Most U.S. adults think human activity, such as the burning of fossil fuels, contributes a great deal (49%) or some (32%) to climate change. About two-in-ten (19%) say human activity contributes not too much or not at all to climate change. Views on this question are about the same as they were last fall.

Americans continue to be deeply politically divided over how much human activity contributes to climate change. About seven-in-ten Democrats (72%) say human activity contributes a great deal to climate change, compared with roughly two-in-ten Republicans (22%), a difference of 50 percentage points.

The difference is even wider among those at the ends of the ideological spectrum. A large majority of liberal Democrats (85%) say human activity contributes a great deal to climate change. Only 14% of conservative Republicans say the same – 45% of this group says human activity contributes not too much or not at all to climate change.

Views about the role of human activity in climate change also vary by education among Democrats, but not among Republicans. Democrats who have graduated from college are more likely to say human activity contributes a great deal to climate change than Democrats without a college degree. For example, 86% of Democrats with a postgraduate degree say human activity contributes a great deal to climate change, compared with a smaller majority (58%) of Democrats with no college experience. Among Republicans, comparably small shares across level of education see human activity as contributing a great deal to climate change.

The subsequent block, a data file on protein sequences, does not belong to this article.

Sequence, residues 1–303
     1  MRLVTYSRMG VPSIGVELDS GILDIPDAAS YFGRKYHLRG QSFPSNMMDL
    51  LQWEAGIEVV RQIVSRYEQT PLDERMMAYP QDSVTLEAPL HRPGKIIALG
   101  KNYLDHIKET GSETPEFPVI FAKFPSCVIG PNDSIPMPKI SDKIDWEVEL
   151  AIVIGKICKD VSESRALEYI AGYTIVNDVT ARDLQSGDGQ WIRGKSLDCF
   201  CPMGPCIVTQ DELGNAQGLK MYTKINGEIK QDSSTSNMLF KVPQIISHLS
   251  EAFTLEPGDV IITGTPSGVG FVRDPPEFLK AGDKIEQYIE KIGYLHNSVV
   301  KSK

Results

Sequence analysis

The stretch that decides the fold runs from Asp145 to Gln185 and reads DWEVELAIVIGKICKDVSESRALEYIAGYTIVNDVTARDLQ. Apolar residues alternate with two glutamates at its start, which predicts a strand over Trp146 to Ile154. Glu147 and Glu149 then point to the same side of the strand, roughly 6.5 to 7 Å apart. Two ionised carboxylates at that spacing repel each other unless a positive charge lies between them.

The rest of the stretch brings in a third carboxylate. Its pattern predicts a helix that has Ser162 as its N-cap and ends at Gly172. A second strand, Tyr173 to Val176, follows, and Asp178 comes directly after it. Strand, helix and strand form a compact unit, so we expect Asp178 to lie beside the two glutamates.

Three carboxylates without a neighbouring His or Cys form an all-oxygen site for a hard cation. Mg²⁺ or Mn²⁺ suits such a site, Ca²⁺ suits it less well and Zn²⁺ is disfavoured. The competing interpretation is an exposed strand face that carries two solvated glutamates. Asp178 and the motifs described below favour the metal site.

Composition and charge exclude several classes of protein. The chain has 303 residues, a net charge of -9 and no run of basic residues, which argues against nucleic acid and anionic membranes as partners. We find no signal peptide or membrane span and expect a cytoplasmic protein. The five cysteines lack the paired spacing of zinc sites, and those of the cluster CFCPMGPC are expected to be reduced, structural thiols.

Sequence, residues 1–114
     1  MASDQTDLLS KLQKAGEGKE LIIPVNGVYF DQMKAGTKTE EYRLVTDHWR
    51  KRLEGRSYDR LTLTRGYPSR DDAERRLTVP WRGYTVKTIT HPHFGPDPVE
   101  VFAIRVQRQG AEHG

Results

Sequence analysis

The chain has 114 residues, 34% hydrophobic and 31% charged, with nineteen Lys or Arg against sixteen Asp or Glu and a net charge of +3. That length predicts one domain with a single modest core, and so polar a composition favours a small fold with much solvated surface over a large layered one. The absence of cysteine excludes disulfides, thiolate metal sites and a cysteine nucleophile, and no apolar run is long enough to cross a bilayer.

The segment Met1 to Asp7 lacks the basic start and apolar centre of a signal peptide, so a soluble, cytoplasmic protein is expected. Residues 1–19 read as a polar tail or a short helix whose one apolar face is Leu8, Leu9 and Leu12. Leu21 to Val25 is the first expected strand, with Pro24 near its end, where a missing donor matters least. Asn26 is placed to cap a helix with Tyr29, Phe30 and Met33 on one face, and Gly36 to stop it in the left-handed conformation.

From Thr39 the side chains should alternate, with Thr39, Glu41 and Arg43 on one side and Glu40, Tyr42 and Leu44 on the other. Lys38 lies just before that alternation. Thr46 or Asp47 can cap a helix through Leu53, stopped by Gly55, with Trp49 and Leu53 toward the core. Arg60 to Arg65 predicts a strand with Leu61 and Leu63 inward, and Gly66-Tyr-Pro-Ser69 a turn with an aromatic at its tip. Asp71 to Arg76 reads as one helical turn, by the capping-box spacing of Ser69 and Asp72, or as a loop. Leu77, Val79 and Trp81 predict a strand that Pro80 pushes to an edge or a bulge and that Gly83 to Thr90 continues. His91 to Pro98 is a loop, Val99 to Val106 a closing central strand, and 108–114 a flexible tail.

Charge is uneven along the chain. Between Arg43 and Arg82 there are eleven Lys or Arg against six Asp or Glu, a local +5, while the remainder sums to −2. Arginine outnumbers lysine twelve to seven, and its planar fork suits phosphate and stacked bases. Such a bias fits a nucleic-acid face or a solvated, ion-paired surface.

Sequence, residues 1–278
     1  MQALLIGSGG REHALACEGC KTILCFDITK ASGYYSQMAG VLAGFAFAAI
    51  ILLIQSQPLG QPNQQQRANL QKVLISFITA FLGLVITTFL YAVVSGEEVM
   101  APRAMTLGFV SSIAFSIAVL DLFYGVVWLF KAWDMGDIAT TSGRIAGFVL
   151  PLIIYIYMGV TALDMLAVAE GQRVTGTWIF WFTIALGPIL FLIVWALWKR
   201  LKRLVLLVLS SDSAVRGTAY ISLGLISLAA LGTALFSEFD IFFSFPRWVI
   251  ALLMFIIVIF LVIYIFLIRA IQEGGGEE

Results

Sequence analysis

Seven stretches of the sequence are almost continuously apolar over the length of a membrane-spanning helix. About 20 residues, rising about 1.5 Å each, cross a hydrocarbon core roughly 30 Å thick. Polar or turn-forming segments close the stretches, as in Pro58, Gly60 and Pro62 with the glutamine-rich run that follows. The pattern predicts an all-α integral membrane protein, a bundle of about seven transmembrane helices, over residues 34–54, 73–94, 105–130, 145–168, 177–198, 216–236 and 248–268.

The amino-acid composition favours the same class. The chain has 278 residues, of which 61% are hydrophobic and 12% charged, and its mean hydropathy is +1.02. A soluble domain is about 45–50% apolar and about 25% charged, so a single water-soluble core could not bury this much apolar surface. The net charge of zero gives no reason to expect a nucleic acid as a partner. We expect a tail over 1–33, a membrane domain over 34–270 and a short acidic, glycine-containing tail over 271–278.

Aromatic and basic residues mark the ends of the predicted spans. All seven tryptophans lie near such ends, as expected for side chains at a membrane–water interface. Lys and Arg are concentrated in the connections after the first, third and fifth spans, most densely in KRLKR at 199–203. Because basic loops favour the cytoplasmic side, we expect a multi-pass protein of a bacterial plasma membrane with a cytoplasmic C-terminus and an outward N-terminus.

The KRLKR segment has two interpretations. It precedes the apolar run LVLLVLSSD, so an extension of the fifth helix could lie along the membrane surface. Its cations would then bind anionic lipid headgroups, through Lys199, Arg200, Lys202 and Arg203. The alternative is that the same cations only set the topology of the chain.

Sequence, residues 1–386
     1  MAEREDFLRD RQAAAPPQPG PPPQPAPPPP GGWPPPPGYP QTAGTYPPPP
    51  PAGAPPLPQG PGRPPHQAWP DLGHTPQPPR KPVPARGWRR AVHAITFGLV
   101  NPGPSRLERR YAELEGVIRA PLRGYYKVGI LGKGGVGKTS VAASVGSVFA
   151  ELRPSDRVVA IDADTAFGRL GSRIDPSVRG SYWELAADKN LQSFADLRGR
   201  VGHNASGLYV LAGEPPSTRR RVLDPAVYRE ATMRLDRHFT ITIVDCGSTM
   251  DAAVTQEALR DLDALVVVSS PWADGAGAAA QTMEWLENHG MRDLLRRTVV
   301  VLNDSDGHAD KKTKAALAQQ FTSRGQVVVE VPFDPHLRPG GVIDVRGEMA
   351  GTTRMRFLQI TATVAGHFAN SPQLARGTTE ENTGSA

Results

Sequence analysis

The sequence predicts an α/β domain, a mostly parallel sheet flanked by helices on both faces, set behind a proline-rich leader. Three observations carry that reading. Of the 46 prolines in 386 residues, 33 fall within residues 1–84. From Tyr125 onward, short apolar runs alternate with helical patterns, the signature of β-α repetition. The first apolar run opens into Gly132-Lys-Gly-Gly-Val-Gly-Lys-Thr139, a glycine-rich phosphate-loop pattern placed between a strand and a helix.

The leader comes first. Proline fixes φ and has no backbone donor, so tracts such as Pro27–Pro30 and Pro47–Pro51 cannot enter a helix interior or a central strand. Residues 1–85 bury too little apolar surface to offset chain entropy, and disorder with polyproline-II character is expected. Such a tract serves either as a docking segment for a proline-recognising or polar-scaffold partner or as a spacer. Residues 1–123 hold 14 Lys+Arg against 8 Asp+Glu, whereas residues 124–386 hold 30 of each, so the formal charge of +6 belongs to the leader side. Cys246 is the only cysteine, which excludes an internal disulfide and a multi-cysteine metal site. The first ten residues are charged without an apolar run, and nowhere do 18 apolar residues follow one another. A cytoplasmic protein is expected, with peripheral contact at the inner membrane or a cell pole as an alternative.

Previous Pew Research Center analyses have found a similar dynamic in views of climate change by level of science knowledge, based on an 11-item index. Among Democrats, those with higher levels of science knowledge are more likely to say human activity influences climate change a great deal than those with lower levels of science knowledge. By contrast, there is no such relationship among Republicans.

There also are significant differences in these views among Democrats by race and ethnicity. Overall, 80% of white Democrats and 70% of Hispanic Democrats say human activity contributes a great deal to climate change. By contrast, black Democrats are much less likely to take this view: 49% believe human activity contributes a great deal to climate change.

Majorities of both Democrats and Republicans prioritize alternative energy over fossil fuel sources

Reducing reliance on carbon-based fuels is viewed by climate advocates as a critical step to preventing the worst impacts of climate change. The survey finds a broad majority of Americans (79%) say the more important priority for the country is to develop alternative sources, such as wind and solar; far fewer (20%) say the more important energy priority is to expand the production of oil, coal and natural gas. Views on this question are about the same as they were in October 2019, the first time the measure was asked on Pew Research Center’s online American Trends Panel.

An overwhelming majority of Democrats and Democratic-leaning independents (91%) say that developing alternative sources should be the nation’s energy priority. A smaller majority of Republicans and Republican leaners (65%) also takes this view.

Among moderate and liberal Republicans, a large share (81%) say developing alternative sources should be the nation’s energy priority. The views of moderate and liberal Republicans are relatively close to those of Democrats: 88% of moderate and conservative Democrats and a near-unanimous 97% of liberal Democrats say the more important energy priority is developing alternative sources. By contrast, conservative Republicans are much more divided in their views: A narrow majority (54%) gives greater priority to developing alternative energy sources, while 45% say the priority should be expanding the production of oil, coal and natural gas.